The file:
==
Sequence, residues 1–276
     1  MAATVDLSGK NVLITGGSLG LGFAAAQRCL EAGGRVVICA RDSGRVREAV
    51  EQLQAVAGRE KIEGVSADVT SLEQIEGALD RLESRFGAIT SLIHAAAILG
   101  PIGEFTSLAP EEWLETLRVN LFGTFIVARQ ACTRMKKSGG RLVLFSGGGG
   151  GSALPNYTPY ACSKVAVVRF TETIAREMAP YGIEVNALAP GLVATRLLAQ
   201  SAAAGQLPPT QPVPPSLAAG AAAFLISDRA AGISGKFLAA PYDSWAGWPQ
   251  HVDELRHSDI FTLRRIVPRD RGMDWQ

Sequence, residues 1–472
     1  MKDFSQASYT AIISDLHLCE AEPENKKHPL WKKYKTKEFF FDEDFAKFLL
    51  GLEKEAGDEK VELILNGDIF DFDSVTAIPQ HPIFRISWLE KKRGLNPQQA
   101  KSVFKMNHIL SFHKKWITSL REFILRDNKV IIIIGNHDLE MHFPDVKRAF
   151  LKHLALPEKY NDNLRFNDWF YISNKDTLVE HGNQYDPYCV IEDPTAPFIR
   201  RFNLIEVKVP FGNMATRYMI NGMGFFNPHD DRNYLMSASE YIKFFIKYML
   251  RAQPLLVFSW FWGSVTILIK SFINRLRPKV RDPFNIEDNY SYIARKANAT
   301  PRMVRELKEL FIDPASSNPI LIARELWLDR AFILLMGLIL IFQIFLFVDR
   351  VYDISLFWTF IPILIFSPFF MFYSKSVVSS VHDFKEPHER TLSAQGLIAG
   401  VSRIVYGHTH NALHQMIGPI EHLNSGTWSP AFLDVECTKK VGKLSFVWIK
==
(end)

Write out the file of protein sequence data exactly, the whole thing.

Sequence, residues 1–276
     1  MAATVDLSGK NVLITGGSLG LGFAAAQRCL EAGGRVVICA RDSGRVREAV
    51  EQLQAVAGRE KIEGVSADVT SLEQIEGALD RLESRFGAIT SLIHAAAILG
   101  PIGEFTSLAP EEWLETLRVN LFGTFIVARQ ACTRMKKSGG RLVLFSGGGG
   151  GSALPNYTPY ACSKVAVVRF TETIAREMAP YGIEVNALAP GLVATRLLAQ
   201  SAAAGQLPPT QPVPPSLAAG AAAFLISDRA AGISGKFLAA PYDSWAGWPQ
   251  HVDELRHSDI FTLRRIVPRD RGMDWQ

Sequence, residues 1–472
     1  MKDFSQASYT AIISDLHLCE AEPENKKHPL WKKYKTKEFF FDEDFAKFLL
    51  GLEKEAGDEK VELILNGDIF DFDSVTAIPQ HPIFRISWLE KKRGLNPQQA
   101  KSVFKMNHIL SFHKKWITSL REFILRDNKV IIIIGNHDLE MHFPDVKRAF
   151  LKHLALPEKY NDNLRFNDWF YISNKDTLVE HGNQYDPYCV IEDPTAPFIR
   201  RFNLIEVKVP FGNMATRYMI NGMGFFNPHD DRNYLMSASE YIKFFIKYML
   251  RAQPLLVFSW FWGSVTILIK SFINRLRPKV RDPFNIEDNY SYIARKANAT
   301  PRMVRELKEL FIDPASSNPI LIARELWLDR AFILLMGLIL IFQIFLFVDR
   351  VYDISLFWTF IPILIFSPFF MFYSKSVVSS VHDFKEPHER TLSAQGLIAG
   401  VSRIVYGHTH NALHQMIGPI EHLNSGTWSP AFLDVECTKK VGKLSFVWIK